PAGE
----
Disgraced former Wells Fargo executive Carrie L. Tolstedt has avoided prison time after pleading guilty for her role in the massive phony accounts scandal that roiled the bank in 2016.
Between 2002 and 2016, Wells Fargo employees opened some two million deposit and credit card accounts without the customers’ approval or knowledge, in order to pump up key performance metrics, an investigation found.
At a hearing on Friday in Los Angeles, Tolstedt, 63, was sentenced to three years of probation, including six months of home confinement, by US District Judge Josephine Staton.
In addition, she will pay a $100,000 criminal fine and serve 120 hours of community service, on top of $20 million in civil penalties levied by federal regulators.
Wells Fargo previously clawed back about $67 million from Tolstedt’s $125 million retirement package — leaving her with a golden parachute of $58 million before civil and criminal penalties.
Disgraced former Wells Fargo executive Carrie L. Tolstedt has avoided prison time after pleading guilty for her role in the massive phony accounts scandal
Between 2002 and 2016, Wells Fargo employees opened some two million deposit and credit card accounts without the customers’ approval or knowledge, an investigation found
Tolstedt pleaded guilty in March to obstructing a bank examination in relation to the phony account scandal, which cost Wells Fargo $3 billion to settle federal civil and criminal probes.
Prosecutors had called for her to serve a year in federal prison, writing in a motion: ‘corporate wrongdoers must be sent a clear message that maintaining a lucrative position through criminal behavior is not worth the risk.’
The probation sentence handed down on Friday reflected the punishment sought by Tolstedt’s attorneys, who did not immediately respond to a request for comment from DailyMail.com on Saturday.
The statutory maximum sentence for obstruction of a bank examination is five years in federal prison, but Tolstedt’s plea agreement called for a prison sentence no longer than 16 months.
In a separate settlement with the Office of the Comptroller of the Currency, Tolstedt agreed to a lifetime ban from the banking industry and a $17 million civil penalty.
Tolstedt also agreed in May to pay a $3 million penalty to settle a Securities and Exchange Commission civil case, without admitting or denying the allegations.
The SEC accused her of misleading investors about the success of Wells Fargo’s core business, which involved dubious sales practices used to inflate key performance metrics.
From mid-2014 through mid-2016, Tolstedt publicly described and endorsed Wells Fargo’s ‘cross-sell metric’ as a means of measuring the bank’s financial success despite the fact that it was inflated by accounts and services that were unused, unneeded, or unauthorized, according to the SEC.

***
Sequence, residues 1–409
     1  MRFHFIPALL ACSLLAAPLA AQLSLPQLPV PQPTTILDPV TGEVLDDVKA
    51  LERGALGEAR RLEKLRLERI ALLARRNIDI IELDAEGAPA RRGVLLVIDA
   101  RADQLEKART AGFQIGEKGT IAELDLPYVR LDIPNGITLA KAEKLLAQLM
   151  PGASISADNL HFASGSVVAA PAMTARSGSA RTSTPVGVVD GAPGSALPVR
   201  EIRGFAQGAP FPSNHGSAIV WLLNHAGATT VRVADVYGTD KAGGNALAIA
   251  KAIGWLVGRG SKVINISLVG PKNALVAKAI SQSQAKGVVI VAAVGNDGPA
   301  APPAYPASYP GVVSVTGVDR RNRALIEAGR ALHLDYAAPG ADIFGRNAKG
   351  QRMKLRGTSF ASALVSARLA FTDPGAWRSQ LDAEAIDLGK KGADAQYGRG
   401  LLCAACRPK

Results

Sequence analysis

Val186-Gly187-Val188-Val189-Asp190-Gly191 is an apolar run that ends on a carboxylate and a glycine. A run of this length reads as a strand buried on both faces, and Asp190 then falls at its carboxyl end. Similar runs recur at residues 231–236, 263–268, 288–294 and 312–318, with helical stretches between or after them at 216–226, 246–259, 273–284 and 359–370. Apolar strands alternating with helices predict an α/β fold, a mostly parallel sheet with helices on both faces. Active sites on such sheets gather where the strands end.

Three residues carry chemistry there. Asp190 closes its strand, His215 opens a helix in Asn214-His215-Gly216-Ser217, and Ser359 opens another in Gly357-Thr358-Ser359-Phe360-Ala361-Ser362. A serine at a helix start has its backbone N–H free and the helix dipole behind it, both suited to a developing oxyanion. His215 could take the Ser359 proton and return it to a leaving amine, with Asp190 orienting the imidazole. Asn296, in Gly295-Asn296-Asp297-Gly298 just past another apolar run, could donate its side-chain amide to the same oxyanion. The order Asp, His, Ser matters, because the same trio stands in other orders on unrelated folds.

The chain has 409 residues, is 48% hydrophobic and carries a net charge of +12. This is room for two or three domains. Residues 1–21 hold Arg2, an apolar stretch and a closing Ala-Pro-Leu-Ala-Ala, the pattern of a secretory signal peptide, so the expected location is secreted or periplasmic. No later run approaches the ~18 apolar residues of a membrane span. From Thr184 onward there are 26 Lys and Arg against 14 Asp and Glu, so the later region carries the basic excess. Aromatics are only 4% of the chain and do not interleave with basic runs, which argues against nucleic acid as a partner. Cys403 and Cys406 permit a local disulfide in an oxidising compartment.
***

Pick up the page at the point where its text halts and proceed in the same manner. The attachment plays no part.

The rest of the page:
Wells Fargo previously clawed back about $67 million from Tolstedt’s $125 million retirement package — leaving her with $58 million before civil and criminal penalties
The scandal also toppled former Wells Fargo CEO John Stumpf (above at a 2016 Senate hearing), who once called Tolstedt the ‘best banker in America’
Before the scandal broke, Wells Fargo was considered to have a sterling reputation among the big banks.
The bank referred to its branches as ‘stores,’ and once had a policy of trying to get each Wells Fargo customer to have eight financial products with the company.
The bank’s sales policies, pushed by top management, were aggressive and unrealistic, according to regulators.
Bank employees were berated for not making bloated sales quotas, which ultimately resulted in many employees gaming Wells Fargo’s sales system in order to meet these artificial sales goals.
For example a number of Wells Fargo customers, notably the elderly, were signed up for online banking when they did not have Internet access.
The documents that laid out the charges against Wells Fargo leaned heavily on the behavior of ‘Executive A,’ described as the head of Wells’ community bank business and the regional bank division from 2002 until 2017.
Tolstedt held those positions during that time period.
The scandal also toppled former Wells Fargo CEO John Stumpf, who once called Tolstedt the ‘best banker in America.’
Stumpf paid a $17.5 million civil fine in 2020, and accepted a lifetime ban from the banking industry.
As a result of the scandal, Wells Fargo remains under a Federal Reserve assets cap that limits the bank’s growth, though it is still the fourth-largest US bank.
Since the scandal broke, Wells Fargo has reformed its compensation practices and no longer bases employee pay on selling additional accounts to customers.
The bank has also replaced its chief executive twice, most recently with former Bank of New York Mellon chief Charlie Scharf, who has signaled he plans significant changes to try to win back the trust of regulators.